20th April

Another gloriously hot and sunny day with the bonus of an unexpected flurry of migrants. Wheatears staged a strong arrival with at least 150 at the Bill, where 120 Willow Warblers and 30 Chiffchaffs made up the bulk of the rest of the numbers on the ground and Swallows - along with the first 2 Swifts of the spring - were moving through steadily overhead; 8 Whinchats, 5 Redstarts, 3 each of Yellow Wagtail, Lesser Whitethroat, Redpoll (including a Mealy Redpoll) and Bullfinch, 2 each of Tree Pipit and Siskin and singles of Pied Flycatcher and Continental Coal Tit were among the less common migrants featuring there, with singles of Marsh Harrier, Black Redstart and Pied Flycatcher of note at other sites around the centre of the island. Two Mute Swans and singles of Red-throated Diver, Great Skua and Arctic Skua were as good as it got on the sea at the Bill.

A single Clouded Yellow was at the Bill, whilst Holly Blue and Wall Brown were both on the wing for the first time this year.

Singles of Diamond-back Moth and Dark Sword Grass at the Obs and Silver Y at the Grove made up the night's immigrant moth tally, with a Pine Beauty at the Obs a good local record.

As we've mentioned before, having seen all manner of intermediate birds we've never been great fans of splitting the redpolls but today's frosty adult male Mealy-type was as obvious as they come and as far removed as they come from the dowdy Lesser-types that make up the majority of birds trapped at Portland © Martin Cade (in-hand side) and Nick Hopper (in-hand front and in-field):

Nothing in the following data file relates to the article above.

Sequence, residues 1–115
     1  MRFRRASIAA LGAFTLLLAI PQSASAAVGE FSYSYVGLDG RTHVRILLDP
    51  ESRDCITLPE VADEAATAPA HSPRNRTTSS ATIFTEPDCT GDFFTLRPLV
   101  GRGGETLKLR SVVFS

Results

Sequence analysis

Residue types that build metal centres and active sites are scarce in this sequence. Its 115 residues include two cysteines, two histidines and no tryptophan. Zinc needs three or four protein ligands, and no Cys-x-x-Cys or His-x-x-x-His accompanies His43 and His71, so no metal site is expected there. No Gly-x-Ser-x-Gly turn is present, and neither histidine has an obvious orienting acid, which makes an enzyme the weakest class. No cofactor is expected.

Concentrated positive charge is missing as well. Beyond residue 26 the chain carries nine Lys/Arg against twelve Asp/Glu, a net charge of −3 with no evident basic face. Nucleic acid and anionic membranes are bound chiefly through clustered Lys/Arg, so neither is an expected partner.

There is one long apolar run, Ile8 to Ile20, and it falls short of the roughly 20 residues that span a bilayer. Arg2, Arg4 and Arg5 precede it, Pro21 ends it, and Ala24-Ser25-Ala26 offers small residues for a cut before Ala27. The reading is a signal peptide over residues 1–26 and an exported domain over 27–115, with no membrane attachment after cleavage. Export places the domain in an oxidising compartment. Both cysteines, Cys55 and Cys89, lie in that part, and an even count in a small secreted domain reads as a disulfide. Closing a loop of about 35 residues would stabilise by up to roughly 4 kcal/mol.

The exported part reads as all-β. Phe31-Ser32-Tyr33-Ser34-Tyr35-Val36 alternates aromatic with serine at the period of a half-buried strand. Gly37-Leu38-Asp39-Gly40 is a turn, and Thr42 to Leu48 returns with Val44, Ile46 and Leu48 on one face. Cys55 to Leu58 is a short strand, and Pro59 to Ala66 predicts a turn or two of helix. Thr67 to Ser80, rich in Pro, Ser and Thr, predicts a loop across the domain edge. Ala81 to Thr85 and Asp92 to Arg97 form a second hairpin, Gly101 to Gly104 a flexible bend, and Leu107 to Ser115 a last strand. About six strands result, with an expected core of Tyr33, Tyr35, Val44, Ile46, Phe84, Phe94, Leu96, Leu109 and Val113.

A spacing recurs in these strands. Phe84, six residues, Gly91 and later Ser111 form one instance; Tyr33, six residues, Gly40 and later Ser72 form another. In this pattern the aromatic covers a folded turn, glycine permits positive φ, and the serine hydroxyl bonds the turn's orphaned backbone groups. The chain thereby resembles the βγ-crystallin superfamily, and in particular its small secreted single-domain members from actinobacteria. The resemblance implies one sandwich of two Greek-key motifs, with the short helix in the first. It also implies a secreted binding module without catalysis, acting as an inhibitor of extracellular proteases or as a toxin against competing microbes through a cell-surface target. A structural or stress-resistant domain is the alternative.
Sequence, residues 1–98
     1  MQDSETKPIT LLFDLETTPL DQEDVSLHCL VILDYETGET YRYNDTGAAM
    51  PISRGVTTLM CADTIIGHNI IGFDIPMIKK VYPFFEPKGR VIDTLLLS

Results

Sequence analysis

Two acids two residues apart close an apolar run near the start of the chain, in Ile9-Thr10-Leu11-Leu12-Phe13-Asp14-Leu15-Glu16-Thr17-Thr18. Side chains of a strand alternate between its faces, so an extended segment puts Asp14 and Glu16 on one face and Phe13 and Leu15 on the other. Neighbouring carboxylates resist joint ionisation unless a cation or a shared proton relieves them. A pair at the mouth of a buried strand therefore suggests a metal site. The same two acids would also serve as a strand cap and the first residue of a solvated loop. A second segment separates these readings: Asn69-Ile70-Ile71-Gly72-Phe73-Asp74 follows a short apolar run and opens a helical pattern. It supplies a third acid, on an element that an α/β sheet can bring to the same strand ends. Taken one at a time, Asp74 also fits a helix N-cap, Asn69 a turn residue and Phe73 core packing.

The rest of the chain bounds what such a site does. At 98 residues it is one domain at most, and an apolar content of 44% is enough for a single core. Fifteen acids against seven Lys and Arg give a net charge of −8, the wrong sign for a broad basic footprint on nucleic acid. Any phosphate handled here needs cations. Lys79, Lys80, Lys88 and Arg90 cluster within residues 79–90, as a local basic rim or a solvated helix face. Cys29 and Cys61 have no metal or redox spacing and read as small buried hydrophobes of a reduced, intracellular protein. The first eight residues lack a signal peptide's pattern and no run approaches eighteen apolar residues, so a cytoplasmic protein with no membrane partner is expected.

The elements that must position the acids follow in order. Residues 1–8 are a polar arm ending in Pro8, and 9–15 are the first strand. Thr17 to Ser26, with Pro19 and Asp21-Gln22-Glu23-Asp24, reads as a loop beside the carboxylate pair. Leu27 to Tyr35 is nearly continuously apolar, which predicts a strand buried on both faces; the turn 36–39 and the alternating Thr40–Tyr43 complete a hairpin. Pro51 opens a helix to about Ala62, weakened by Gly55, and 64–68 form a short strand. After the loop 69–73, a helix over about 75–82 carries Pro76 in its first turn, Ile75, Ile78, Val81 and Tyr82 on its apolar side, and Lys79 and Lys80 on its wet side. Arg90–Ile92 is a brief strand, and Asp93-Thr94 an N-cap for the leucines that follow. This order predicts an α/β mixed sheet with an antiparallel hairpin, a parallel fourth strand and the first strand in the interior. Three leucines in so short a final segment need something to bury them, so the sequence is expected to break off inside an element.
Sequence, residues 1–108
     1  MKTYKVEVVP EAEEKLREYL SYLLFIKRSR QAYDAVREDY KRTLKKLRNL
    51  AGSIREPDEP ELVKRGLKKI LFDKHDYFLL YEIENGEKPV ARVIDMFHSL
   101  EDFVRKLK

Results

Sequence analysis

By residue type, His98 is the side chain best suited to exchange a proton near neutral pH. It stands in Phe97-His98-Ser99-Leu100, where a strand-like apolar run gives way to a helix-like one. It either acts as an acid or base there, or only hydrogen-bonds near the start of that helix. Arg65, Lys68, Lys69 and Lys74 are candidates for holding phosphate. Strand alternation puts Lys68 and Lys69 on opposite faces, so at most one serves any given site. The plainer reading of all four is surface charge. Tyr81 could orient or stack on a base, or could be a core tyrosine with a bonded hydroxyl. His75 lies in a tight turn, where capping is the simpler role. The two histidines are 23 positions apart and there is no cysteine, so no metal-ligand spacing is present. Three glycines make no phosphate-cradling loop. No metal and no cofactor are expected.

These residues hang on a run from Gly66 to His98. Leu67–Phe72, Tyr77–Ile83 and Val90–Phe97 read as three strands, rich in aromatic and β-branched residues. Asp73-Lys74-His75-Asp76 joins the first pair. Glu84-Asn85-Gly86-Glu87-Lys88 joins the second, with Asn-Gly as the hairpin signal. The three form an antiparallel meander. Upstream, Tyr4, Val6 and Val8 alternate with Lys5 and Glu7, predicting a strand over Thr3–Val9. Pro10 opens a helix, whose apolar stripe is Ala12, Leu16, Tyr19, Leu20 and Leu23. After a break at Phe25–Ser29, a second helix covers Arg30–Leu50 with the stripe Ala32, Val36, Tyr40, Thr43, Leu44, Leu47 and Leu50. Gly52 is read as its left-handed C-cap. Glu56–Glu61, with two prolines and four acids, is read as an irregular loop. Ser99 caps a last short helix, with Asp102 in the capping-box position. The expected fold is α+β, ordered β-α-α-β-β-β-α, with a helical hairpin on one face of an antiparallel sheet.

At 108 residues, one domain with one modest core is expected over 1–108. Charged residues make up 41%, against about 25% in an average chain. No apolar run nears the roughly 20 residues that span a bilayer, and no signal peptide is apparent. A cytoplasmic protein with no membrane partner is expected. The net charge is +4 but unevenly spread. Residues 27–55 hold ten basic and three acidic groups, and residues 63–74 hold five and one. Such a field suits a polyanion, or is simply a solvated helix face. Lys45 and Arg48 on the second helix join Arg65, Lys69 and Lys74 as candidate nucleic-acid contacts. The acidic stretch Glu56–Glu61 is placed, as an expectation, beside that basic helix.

The ater Coal Tit was seen in particularly bizarre circumstances: whilst watching Wheatears in the Bill Quarry we became aware of the vaguely Yellow-browed Warbler-like calls of what we took to be a Continental Coal Tit high overhead. Assuming that it was an overflying migrant we looked up to try and locate it and discovered it was on the very top of the Bill lighthouse from where it parachuted down - by now in song - onto the chimneys of the lighthouse cottages; it continued to alternate between these two perches, sometimes also landing on the window ledges of the lighthouse tower and still calling and singing, for a couple of minutes before making off north © Martin Cade:

Redstart, Pied Flycatcher and Clouded Yellow from today © Mark Eggleton:

Lulls in the flow of visible migrants moving along West Cliffs can always be spent keeping your hand in at flight photography © Nick Hopper: